The coming of Easter, the greatest of all feasts for Christians, makes us look one more time at the crucifixes in our churches. I might say that we cannot look too often at these holy images if we care to let out minds and eyes be energized by the massive religious and artistic message that they convey. The Catholic church bas always promoted strongly artistic expression as a means of coming closer to our creator. This strategy has paid off as can be seen by the millions who visit ‘The Sistina’.
Michelangelo’s executions have proved to be more religious than artistic in their results. His art makes us meditate on the uncertain fate of humankind and to seek solace in the promise of eternal life made to us by Christ, the man and God who redeemed us on the cross. Michelangelo’s depiction of Christ crucified reaches its apex of perfection when he presented his crucifixion drawings to Vittoria Colonna about 1540. That is the time when he started to move from his administration of classical antiquity, and towards a mannerist way of looking at things. He opted then an extreme consciousness of style for its own sake, a passion which united cold narcissism with an elaborate painterly skill.
A perfect high quality reflection of this artistic philosophy is to be found in Polidoro da Caravaggio’s (not to be confused with our Michelangelo Caravaggio) crucifix in Saint John’s Co-Cathedral in Valletta (pictured below right). Polidoro belongs to the Roman group of highly intellectual mannerist artists. He later (1527) introduced his style to Naples. His St John’s Co-Cathedral crucifixion is a perfect expression of the above-mentioned outlook and style, where Christ hangs on the cross displaying not much effort in bearing his recent savage beatings.
We are not disturbed with feelings of horror when we contemplate this crucifix. We are helped by the painter’s transformative skill to calmly, meditate.
Polidoro’s achievement is a great contrast to the wonderful baroque crucifix group attributed by some to the famous Algardi. This is to be seen in Saint John’s on the opposite side to the main Co-Cathedral entrance (pictured left). The Algardi Christ is narcissistic but in contrast to the Polidoro one it is not coldly narcissistic explosively baroque in its effect.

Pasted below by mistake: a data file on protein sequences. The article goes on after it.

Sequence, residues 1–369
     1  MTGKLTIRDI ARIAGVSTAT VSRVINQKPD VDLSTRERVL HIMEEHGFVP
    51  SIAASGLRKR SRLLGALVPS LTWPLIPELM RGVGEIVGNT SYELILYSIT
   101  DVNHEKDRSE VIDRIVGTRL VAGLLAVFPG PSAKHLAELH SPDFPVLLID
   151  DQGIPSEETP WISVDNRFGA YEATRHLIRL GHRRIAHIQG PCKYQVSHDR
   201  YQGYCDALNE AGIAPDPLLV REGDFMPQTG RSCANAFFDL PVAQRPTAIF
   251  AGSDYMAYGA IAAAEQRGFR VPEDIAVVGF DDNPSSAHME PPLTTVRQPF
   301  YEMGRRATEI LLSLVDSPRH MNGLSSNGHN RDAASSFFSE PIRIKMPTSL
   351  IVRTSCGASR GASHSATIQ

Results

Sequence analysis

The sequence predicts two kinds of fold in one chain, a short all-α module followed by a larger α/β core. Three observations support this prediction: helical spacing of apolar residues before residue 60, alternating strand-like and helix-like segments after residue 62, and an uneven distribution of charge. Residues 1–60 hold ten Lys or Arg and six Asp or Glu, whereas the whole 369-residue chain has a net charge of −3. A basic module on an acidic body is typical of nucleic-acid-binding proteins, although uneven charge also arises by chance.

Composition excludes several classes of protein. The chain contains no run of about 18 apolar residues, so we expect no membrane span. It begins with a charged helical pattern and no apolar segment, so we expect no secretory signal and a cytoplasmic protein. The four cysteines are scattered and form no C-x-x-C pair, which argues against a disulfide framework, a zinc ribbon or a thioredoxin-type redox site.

The two crucifixes can be described as narcissistic for Christ is portrayed in them as ‘the lamb led to the slaughter’ of the Gospel. Christ seems to have been nailed to the cross without much of a struggle. He displays incolumnity as proof of divinity.
When we contemplate the biblical phrase ‘lamb led to the slaughter’ these two crucifixes acquire a tremendous religious physiological significance. Christ is there, not a common man who has suffered inhuman beatings and been nailed to the cross, but he is actually conquering death and becoming our saviour by triumphing with a tangible display of narcissism over the savagery of evil men. Christ is narcissistic because he has preserved his physical integrity. Christ is a triumphant Christ in these St John’s crucifixes, who would be raised from the dead in three days with a body already healed of all his experienced brutal lashings. Lashings do not seem to infringe on the Polidoro and the Algardi crucified Christ.
The simple contrasting philosophy of these two masterpieces with that of the celebrated Mathias Grunewald crucifixion (1515) cannot be greater , where there is nothing to suggest immediately, or even remotely that Christ is God besides being man. This is no hint of an imminent blazing resurrection.
Grunewald’s Christ (pictured right) has a lash-spotted body with a yellowish-green of decay. His mouth gapes with an exhaustion beyond recovery. His fingers twist upwards from the sagging crossbar on which His hands are nailed. There is blood glistening at the tips of His clubbed and claw-like feet.
Grunewald displays pathos deeply engrained in horror. The Polidoro and the Algardi crucifixes inspire pathos, and Polidoro much more so. They do not disturb our mind with horrific feelings which are further aggravated by surrealist painterly techniques.
The expressions of Saint John, Mary Magdalene, and that of an ashen Virgin in the Grunewald picture are certainly disturbing to average emotions. Polidoro and Algardi do not disturb, but soothe our feelings and convey a message of triumph over death.
"The Crucifixion group of the Golgotha as it is sometimes called arrived at St John’s Co-Cathedral in 1653. It was not made specifically for St. John’s and its earlier provenance is as yet unknown. The sculptural group was the gift of Commander Fra Felicaja.
The sculptor is unknown, yet its artistic style and highly refined qualities make it very close to the work of Alessandro Algardi. Algardi was one of the leading artists of the seventeenth century receiving commissions from the Pope and his works are found in the Vatican and other important churches in Rome and throughout Italy.
The group consists of three large wooden statues, the Crucifix, the Virgin and St. John the Evangelist and are at present in the passageway that leads to the sacristy of St. John’s. Originally they were displayed in the Oratory dedicated to the Beheading of St. John and this suggests the importance this sculptural group was given by the Grand Master. The statues are rendered in white gesso and are larger than life-size. The fine chiselling and impressive plasticity in the rendition of the anatomy reveals the work of an expert hand."
"This crucifix was painted by Caravaggio, but a different one to the Michelangelo Merisi da Caravaggio who was in Malta at the time of the Knights. It was painted by Polidoro Caldara da Caravaggio (1492-1543) around the 1530s. It was successfully restored on behalf of the Museo di Capodimonte by Bruno Arciprete.